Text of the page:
Monthly Archives: September 2011

Making assessment work like the web

From the book jacket to Cathy Davidson's Now You See It

Cathy Davidson‘s comment on my last post about Open Badges — and her recent op ed in the Washington Post — get to the heart of an exciting shift taking place in learning and assessment. A shift where assessment is no longer seen as separate, standardized and external (first you learn, then you externally measure it). But instead, where assessment and feedback are baked right into the learning process, in a much more transparent, social and participatory way.

Assessment that’s social, transparent and participatory

Cathy’s view is that the process of collectively deciding what’s worth measuring — whether for learners, communities of peers, or organizations — represents a crucial learning opportunity in its own right, “as an exercise to engage all an institution’s members in thinking about what it wants to credit and why.”

It’s a fantastic exercise, in other words, in institutional self-reflection, self-evaluation.

My big “Now You See It” lesson is that, until we go through this preliminary step of thinking deeply together about who and what we are, who we want to be, what matters to us, and why it is important to know who contributes to our network and how, then we cannot even think about moving forward in open, innovative new directions.

The problem with an inherited system — whatever that system is: it comes with parameters already defined. To me, the most important thing about this badge experiment is it is an opportunity for a community to explore and understand what its own parameters are.

Media literacy badges from Global Kids

Assessment as a social act

This suggests that the process of deciding what “counts” towards a given goal, competency or achievement is, essentially, a social act — something decided on by communities of people, rather than by some top-down cathedral or gatekeeper. And that peer-to-peer assessment is a vital 21st century skill in its own right.

Standardized testing and other pre-defined yardsticks — which typically offer assessment models that are opaque, hard for many to fully understand, and handed down to you in advance, without discussion or community goal-setting — deny us this learning opportunity. And in many ways, are out of touch with a world where working collaboratively — which includes tactfully evaluating the work of peers, and assessing how well that work relates to larger shared goals — is increasingly important.

Excerpt from iRemix's badge framework

Peer-to-peer evaluation as a 21st century skill

We often talk about the need to assess and recognize “21st century skills” — competencies and achievements difficult for traditional institutions to recognize, because they’re new, reflect changing literacies, and evolve at a rapid rate that’s hard to capture.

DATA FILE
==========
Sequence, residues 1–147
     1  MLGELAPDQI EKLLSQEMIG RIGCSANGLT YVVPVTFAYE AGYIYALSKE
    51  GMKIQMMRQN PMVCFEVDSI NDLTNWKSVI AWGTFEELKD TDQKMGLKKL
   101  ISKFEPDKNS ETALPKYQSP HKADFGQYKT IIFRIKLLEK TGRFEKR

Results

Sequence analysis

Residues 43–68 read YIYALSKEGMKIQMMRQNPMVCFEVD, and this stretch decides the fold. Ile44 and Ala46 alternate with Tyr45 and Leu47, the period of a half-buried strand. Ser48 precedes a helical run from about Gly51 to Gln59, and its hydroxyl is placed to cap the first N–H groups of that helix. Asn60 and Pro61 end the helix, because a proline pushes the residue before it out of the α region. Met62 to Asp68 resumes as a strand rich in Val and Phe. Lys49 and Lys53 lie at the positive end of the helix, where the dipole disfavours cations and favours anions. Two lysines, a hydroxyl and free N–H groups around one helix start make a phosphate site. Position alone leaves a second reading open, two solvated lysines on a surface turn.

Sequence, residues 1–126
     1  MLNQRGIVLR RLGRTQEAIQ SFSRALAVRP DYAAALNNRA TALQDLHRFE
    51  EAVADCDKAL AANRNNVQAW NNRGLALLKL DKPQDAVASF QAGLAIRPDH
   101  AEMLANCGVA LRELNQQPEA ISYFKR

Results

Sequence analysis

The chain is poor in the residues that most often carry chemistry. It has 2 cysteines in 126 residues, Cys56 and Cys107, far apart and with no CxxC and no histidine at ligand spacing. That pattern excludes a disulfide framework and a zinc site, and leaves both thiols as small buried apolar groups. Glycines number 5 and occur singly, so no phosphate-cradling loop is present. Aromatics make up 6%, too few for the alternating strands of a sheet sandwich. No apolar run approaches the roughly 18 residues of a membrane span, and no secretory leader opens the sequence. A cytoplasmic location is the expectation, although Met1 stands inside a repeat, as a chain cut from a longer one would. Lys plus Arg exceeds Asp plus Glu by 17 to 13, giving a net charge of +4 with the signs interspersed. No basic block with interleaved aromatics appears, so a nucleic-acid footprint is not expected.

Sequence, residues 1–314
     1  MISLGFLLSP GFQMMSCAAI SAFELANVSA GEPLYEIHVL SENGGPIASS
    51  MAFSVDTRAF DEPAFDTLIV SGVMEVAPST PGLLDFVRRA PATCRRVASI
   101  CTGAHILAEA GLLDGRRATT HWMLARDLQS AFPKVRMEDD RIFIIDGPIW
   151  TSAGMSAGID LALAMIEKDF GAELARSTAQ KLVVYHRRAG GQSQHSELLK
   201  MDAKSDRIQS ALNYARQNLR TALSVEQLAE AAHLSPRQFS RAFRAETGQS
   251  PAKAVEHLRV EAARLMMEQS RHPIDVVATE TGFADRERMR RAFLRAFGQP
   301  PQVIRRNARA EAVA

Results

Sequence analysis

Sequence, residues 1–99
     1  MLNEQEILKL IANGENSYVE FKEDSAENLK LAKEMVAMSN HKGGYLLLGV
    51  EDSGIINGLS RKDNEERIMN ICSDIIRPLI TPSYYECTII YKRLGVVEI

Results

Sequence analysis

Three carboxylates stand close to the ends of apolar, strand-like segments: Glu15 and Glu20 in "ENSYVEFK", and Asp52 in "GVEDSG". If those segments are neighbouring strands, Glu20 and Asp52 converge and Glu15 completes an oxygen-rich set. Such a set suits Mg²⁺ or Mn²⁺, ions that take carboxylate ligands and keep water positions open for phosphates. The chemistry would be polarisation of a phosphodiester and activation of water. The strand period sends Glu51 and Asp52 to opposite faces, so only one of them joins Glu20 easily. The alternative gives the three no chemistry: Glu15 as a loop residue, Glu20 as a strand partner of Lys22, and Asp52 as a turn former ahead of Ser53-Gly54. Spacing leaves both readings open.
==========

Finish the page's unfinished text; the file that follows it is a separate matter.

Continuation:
Cathy’s point suggests that getting good at “social assessment” and peer-to-peer evaluation — helping to collaboratively set goals and translate them into metrics, being a fair judge of others’ work, collectively defining mastery, understanding nuance or levels of proficiency, designing processes and social mechanisms to work all this stuff out  — is an important 21st century skill in its own right.

Here at Mozilla, for example, we use “code review” to assess the quality of a given community member’s contribution. It’s important that the process is transparent (the criteria are clearly stated and understood), participatory (in that anyone can participate, and *everyone* is subject to code review — there’s no free pass for senior staff or the specially anointed),  and social (in that these reviews are done in the open by recognized peers, rather than some inscrutable gatekeeper).

What drives this approach is not naive idealism or some commitment to kumbaya values — it’s a form of assessment that’s agile, pragmatic and effective. Without these social and transparent elements, our global community would wither and our software would break.

Screen grab from Mozilla's beta1 "Badge Backpack"

“Gatekeeper credentialing” vs. “social proof” that you know what you know

For me, this emphasis on the social aspect of recognition and assessment — assessment as a social act — is crucial. It shifts us from the cathedral (a certificate or credential handed down from on high) to the bazaar (social proof that you know what you know, backed by communities of peers and shareable artifacts.)

In a fantastic online discussion with educators and ed tech innovators organized by Bryan Alexander, this point came up in the context of whether or not badges represent the “commodification” of learning — the reduction of complex human abilities into standardized little bits and pieces that can be plugged into the vagaries of “the market.”

It’s a question that is probably deserving of another post in its own right. But the social dimension of assessment that Cathy and others talk about seems key to me in this regard. The outward piece of badges you can see — the “display” layer, showing what you know — may ultimately prove to be only the small, visible tip of a much larger and more important iceberg: a paradigm shift in assessment. A shift that embraces more social, transparent and participatory models as a vital compliment to (or eventual replacement for) the standardized models we’ve inherited from the industrial era.